Time for everyone to go secure – https?

In October of 2011 the search king Google went secure.
In 2012 – 2013 Safari, Mozilla, and Bing did the same.
In January 2014 Yahoo finally joined the club to make 99% of the worlds digital information completely secure.

Well, that’s awesome! But not for SEO’s. Secure searches mean keyword data, referral data go out the door and that leaves us in the dark with a flash light trying to find our way. With Yahoo going secure they’ve taken away our batteries and now we only have an empty tool to defend ourselves. Nevertheless we will prevail!

I work for an enterprise level ecommerce website and the news of losing data comes at a large loss. It’s hard because our SEO numbers have been on the uptrend without paying much attention to Yahoo.

So why does this matter you ask?

Well ~6% of our traffic comes from Yahoo and with the new secure search, our Yahoo referral data will become direct load (according to omniture). In short direct load is someone coming directly onto our website without coming through any type of marketing channel. So that box in your web browser, someone types in the exact domain address, that equals direct load.

This means we lose 6% of our SEO traffic to direct load by the time Yahoo goes 100% secure (which is aimed at March 2014). The problem is with high level reporting direct load is such a large number that 6% of our traffic attributed to it doesn’t look like much of a dent. When you get more granular you notice a little dip in our allocated traffic which might not look to good.

It’s ok don’t panic. I’ve got a solution.

And I found it on Danny Sullivan’s post on searchengineland.com here I knew about most of the information before getting this article but there was one quote/tweet thread I read that I found very useful.

By the way, when it comes to searches that lead to secure servers, Yahoo appears to be following standard protocol and passing along full-referrers. However, as most sites are not secure sites, most publishers won’t receive this information.

Bam. There it is. By making your website secure itself (https) Yahoo will pass referral data because it follows standard secure server protocol’s. The twitter thread that explains most of it is located here.

So there you have it. search referral data becoming direct load can be offset by making your own website secure. Might even be some good PR around it (that’s a shout out to my old manager) 🙂

If you’d like to find out more feel free to contact me, or tweet me. I’m here all day folks

Creepy Web Crawlers

They crawl their way into your system. They sneak around without you knowing. You never feel them coming. They are evil. Click here to be frightened beyond belief.

Gotcha.

Alright that was blown just a bit out of context, and has nothing to do with this post. I just hate spiders. Recently, I met with a co-worker to discuss how we were going to attack a specific category SEO wise. I nearly finished the entire conversation when they finally said “You keep saying spiders are on my webpage, I haven’t seen any, but there were some cobwebs behind my computer.”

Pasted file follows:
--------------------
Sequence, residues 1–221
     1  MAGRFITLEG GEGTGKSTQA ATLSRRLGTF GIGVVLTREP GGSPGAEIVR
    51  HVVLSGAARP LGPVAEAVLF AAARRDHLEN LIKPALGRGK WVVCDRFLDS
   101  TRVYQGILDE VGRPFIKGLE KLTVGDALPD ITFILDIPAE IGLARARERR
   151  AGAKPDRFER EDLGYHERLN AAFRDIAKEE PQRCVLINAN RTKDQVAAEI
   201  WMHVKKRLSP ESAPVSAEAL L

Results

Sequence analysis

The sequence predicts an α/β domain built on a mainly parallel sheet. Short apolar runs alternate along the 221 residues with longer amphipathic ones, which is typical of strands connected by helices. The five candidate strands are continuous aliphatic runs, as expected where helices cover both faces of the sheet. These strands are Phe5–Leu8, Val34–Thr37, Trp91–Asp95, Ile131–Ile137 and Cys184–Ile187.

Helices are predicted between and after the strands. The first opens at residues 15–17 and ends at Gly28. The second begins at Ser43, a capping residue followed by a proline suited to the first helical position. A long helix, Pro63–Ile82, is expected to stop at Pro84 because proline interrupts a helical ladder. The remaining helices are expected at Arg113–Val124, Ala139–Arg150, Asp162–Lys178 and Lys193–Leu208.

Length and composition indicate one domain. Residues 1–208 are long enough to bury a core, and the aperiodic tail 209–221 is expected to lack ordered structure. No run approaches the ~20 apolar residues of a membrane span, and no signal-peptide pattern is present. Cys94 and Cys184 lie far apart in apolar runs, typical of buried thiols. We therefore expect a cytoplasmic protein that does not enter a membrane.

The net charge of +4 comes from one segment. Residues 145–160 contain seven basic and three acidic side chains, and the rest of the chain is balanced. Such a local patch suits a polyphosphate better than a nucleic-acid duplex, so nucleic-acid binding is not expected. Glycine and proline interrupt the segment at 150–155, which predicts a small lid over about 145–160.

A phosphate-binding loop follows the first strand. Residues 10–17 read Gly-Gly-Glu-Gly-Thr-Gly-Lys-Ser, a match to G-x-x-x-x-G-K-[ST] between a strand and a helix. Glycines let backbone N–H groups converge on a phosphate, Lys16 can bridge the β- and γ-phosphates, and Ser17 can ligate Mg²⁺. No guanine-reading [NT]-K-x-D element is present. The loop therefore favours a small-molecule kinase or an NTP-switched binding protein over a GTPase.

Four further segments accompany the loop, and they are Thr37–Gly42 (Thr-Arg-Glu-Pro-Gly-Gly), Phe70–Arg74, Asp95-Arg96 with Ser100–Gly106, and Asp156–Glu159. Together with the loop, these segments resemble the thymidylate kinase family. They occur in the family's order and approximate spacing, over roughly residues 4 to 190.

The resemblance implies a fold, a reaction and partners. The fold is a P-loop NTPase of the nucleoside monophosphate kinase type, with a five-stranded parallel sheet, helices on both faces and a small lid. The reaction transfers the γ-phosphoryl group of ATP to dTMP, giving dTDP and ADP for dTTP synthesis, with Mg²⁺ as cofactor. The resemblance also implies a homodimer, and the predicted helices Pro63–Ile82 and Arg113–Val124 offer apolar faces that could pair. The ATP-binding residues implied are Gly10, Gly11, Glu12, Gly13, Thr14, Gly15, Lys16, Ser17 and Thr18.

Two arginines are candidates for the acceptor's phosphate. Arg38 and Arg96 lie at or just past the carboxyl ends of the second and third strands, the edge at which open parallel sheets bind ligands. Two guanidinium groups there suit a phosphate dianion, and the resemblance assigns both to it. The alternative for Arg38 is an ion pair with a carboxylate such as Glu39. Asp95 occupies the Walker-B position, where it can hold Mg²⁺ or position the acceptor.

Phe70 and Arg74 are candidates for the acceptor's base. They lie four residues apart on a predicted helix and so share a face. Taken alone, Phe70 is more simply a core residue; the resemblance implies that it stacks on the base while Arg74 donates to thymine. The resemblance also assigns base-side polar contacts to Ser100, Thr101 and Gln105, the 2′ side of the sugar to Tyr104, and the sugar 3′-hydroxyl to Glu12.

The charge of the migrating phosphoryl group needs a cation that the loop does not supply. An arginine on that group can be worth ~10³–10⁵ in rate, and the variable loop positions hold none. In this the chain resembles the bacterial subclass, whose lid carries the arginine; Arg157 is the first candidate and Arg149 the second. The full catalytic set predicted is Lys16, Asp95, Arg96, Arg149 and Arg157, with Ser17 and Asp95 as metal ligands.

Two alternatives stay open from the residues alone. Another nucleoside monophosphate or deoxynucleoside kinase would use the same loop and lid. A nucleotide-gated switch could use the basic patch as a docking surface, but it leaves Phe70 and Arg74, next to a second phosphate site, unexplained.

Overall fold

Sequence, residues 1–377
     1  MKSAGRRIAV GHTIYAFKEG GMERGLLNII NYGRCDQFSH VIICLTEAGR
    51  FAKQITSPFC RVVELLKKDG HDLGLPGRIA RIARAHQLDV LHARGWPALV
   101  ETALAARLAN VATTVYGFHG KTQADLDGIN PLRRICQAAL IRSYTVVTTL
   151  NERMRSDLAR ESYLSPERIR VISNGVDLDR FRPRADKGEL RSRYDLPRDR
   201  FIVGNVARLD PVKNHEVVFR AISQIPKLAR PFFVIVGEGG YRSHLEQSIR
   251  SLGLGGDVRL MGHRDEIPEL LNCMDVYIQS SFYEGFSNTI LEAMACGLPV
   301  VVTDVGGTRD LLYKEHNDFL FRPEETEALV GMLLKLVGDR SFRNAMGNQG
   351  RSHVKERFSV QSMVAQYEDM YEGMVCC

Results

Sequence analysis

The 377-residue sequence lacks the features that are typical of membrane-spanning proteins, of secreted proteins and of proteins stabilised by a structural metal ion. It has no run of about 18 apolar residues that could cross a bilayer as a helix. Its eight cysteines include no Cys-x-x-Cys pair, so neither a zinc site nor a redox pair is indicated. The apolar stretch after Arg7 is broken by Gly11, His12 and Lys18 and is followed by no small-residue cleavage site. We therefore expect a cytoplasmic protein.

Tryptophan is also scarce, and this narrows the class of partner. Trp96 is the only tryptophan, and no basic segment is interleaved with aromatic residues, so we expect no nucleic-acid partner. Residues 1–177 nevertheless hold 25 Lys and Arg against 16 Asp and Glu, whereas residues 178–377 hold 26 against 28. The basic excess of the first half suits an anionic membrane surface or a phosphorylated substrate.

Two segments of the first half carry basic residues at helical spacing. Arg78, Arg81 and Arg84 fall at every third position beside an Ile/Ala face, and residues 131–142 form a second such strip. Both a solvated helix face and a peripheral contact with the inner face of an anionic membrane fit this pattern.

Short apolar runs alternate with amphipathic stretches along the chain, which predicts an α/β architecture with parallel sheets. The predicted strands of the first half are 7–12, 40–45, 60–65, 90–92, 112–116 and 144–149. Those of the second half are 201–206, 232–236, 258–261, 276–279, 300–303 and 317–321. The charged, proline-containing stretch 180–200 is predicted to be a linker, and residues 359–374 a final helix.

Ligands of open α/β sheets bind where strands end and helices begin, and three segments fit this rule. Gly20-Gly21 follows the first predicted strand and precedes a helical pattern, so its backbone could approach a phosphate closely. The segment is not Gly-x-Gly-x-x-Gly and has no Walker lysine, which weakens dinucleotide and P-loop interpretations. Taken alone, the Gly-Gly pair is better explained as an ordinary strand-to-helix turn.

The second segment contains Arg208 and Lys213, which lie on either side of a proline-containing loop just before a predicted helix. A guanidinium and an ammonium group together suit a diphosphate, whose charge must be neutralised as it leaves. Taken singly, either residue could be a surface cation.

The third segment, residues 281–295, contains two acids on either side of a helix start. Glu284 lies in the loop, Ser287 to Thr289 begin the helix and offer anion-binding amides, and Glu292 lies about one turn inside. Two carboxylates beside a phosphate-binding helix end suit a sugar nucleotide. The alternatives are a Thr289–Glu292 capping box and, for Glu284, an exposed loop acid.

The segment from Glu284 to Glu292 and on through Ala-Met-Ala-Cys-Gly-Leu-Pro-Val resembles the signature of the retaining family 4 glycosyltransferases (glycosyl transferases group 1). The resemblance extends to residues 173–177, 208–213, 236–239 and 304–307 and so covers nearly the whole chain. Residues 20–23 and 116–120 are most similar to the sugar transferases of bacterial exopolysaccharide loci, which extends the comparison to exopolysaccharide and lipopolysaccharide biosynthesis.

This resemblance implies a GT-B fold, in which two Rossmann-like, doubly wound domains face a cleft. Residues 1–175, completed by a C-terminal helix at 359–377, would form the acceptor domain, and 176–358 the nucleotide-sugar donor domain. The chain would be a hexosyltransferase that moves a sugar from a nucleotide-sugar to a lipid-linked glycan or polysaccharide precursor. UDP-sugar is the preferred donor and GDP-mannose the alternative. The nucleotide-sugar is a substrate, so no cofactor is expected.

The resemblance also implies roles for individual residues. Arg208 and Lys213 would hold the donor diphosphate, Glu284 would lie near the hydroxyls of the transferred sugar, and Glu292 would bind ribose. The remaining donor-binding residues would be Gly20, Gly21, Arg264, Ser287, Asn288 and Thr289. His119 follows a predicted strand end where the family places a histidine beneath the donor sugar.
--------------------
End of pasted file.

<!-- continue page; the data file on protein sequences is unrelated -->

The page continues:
From her perspective I can understand her confusion in not knowing what they do, I didn’t explain it so I was at fault here. Making robot spiders a reality just never seemed to cross my mind (and I now realized how terrifying that sounds). After shuddering at the visual of that, I explained what spider crawlers are as follows – Crawlers are bots that sweep through a website in the blink of an eye while feeding information to search engines to give your website relevance.

What Does It Do?

A web crawler scans through websites providing search engines with a high amount of information. It tracks links, content, site architecture and relevance towards your websites target. This directly influences how you are ranked on search engines, making crawlers a very important part of organic search. That being said websites are built for great user capability, not to appeal to crawlers. Optimizers make the websites more crawler friendly and help eliminate bad practices that crawlers see as a violation.

How Do They Work?
Crawlers are basically information gatherers. They are constantly surfing the web in search of new information and are extremely up to date. They gather a websites information through internal and external links, <meta> tags, <h1> tags, <title> tags, and most importantly content. They can also see how popular the websites are to gain a better understanding of relevant and user-friendly content

Do I Need Them?

Yes spiders suck, I believe both species have come to an understanding that we don’t like them, they don’t like us. Unlike those terrifying 8-legged creatures, website crawlers are a good thing. If you want to be indexed and increase your organic traffic, being crawled is a positive.

I Hate Spiders Too, Can I Step on Them?

This was actually asked to me. This was my exact response. “Yes, but if you have the technology to virtually place your foot onto a program and crush them, I would like more information for a potential investment.” In actuality, using a robots.txt file actually gives the crawlers directions for the website. If you don’t want them sneaking around there are specific instructions you can place in your robots.txt, for more information and instructions list click here.

Now that you have a better understand of crawlers, you know how search engines gather information on your website. They check tags, and content, as well as links. So be sure to have constant monitoring of your Google Webmaster tools and analytics to see if you are being penalized or have duplicate content that Google frowns upon.

Just for kicks:

AHHH!

If you have any more questions feel free to comment, or a great spider destroying story email me directly, I would love to hear it.